Thursday, March 26, 2009

New Labor Secretary Inherits a Mess

Under a Labor Department that has been mismanaged for years, uncounted numbers of workers – perhaps millions -- became victims of wage theft by employers. In testimony before a Congressional committee, the Government Accounting Office (GAO) yesterday described how sloppy enforcement of the law left low-wage workers particularly vulnerable to having employers steal their earnings.

Following up on scandals reported in the media, the GAO assigned a team of undercover agents to pose as workers or employers to test how the field offices of the department’s wage and hour division handled 10 types of complaints typically voiced across the country.

Here are three examples given of how department employees dealt with fictitious violations of minimum pay, child labor, and other issuest under their jurisdiction.

n A receptionist in Virginia paid less than the minimum wage: the department’s investigator accepted without question the employer’s refusal to pay back wages and counseled the office worker to file a private lawsuit.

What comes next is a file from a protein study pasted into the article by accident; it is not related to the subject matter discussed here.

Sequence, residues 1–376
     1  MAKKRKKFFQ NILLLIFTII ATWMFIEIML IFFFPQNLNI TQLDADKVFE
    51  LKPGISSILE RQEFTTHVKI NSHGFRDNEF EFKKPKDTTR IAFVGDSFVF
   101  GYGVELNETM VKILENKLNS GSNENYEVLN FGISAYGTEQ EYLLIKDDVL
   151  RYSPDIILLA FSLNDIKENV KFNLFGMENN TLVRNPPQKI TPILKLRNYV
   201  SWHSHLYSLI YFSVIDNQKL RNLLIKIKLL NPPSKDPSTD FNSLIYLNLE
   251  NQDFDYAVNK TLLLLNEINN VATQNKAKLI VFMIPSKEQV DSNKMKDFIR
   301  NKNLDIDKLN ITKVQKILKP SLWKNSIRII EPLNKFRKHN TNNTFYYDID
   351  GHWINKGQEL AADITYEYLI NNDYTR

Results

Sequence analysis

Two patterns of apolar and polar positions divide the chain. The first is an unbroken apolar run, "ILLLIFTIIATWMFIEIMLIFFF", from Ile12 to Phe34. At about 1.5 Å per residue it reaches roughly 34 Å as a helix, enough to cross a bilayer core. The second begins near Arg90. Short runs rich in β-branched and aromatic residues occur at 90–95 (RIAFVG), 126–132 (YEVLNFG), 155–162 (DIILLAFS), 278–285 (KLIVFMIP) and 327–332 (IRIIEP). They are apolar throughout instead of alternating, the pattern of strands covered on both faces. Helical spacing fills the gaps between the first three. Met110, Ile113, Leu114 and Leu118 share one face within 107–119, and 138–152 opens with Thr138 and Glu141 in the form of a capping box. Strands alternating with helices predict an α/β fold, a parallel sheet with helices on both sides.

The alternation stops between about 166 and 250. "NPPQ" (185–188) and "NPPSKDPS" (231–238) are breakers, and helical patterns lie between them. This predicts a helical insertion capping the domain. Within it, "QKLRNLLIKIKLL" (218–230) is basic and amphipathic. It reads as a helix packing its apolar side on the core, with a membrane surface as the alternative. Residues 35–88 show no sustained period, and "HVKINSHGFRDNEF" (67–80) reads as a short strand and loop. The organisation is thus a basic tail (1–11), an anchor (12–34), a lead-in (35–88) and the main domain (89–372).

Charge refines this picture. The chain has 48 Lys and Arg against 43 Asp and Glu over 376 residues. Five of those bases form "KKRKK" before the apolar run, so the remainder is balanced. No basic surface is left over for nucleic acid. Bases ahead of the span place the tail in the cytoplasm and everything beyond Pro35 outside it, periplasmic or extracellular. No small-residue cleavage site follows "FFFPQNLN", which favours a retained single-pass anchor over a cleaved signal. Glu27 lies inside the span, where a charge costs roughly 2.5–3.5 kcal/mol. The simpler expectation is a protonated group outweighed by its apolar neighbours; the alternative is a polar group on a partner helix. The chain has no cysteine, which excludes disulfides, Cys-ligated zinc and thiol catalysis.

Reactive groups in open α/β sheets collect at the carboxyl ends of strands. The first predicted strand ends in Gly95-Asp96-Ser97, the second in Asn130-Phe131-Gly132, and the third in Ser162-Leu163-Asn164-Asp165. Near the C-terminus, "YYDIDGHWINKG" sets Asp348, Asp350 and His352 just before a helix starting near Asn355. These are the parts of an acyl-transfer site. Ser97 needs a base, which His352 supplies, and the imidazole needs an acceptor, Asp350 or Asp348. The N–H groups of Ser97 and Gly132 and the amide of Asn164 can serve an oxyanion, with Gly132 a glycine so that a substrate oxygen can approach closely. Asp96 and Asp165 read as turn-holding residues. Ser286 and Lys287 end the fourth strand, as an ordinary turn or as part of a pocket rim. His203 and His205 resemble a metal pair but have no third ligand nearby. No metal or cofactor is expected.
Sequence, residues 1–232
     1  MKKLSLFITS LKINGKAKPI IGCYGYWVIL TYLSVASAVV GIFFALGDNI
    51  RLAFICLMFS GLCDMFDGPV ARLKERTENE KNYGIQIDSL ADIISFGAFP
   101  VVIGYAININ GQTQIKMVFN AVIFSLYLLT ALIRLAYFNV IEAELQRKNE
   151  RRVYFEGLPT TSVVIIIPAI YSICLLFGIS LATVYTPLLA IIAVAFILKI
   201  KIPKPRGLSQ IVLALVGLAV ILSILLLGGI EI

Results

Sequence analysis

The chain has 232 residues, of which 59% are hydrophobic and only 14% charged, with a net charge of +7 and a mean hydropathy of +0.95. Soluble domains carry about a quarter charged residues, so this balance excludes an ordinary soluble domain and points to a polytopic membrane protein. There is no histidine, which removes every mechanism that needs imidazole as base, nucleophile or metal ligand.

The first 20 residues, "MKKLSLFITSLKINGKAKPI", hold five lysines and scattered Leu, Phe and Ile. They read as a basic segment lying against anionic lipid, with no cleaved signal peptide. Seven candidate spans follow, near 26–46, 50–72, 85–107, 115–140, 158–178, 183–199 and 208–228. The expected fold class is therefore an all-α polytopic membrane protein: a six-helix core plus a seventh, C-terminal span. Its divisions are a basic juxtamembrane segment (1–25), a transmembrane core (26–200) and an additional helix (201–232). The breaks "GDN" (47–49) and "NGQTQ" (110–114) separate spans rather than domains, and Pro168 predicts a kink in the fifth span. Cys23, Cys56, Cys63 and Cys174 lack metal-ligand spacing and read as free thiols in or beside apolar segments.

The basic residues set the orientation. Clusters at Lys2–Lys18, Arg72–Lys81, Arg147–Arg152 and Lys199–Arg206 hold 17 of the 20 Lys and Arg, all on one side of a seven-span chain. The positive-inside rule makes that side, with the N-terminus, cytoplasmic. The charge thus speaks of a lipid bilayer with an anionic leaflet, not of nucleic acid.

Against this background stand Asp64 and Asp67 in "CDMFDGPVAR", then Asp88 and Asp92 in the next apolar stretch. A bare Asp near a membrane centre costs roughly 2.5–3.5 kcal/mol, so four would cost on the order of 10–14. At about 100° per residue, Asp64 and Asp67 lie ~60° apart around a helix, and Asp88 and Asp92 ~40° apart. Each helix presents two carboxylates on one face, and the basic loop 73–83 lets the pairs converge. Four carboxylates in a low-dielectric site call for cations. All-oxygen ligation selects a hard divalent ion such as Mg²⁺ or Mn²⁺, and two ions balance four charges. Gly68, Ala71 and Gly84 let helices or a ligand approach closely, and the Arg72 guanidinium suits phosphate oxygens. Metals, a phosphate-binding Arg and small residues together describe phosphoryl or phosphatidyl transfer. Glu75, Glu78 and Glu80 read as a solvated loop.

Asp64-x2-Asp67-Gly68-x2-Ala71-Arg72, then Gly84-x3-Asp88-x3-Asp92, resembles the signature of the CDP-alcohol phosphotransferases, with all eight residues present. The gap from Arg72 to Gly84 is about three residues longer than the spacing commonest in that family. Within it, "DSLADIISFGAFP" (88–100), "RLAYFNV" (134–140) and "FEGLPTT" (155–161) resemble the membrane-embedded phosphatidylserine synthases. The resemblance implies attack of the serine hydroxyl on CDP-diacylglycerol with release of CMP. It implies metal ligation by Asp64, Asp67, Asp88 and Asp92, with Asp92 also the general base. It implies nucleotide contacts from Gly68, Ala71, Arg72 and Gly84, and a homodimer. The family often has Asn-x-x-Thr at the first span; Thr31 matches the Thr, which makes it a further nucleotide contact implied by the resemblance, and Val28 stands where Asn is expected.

n A meat packer in California using children to run heavy equipment: four months after receiving this anonymous tip, the wage and hour division office had still not conducted any investigative work, and never recorded the complaint in the department’s data base.
n A house painter in Texas who did not receive his final paycheck: the division employee accepted the employer’s word that he would pay, and closed the case as “agreed to pay” despite the painter’s claim that he got not a cent.

The department’s statistics on back wages collected, and the number of employees receiving their back pay, are overstated, according to the GAO, because “an unknown number” of complaints recorded as resolved did not in fact result in the worker’s receiving the back pay due

More than 100,000,000 workers are covered under federal labor laws enforced by the wage and hour division (WHD). The GAO’s overall assessment was that the WHD had “an ineffective system that [particularly] discourages wage theft complaints.

The new Secretary of Labor, Hilda L. Solis, who has been in office less than two weeks, vowed to take the GAO findings seriously. The understaffed WHD will be adding 250 new investigators.

Under Secretary Solis, the Department of Labor is set to return to the mission for which it was founded in 1913: “to foster, promote, and develop the welfare of working people.”

Print Page

No comments: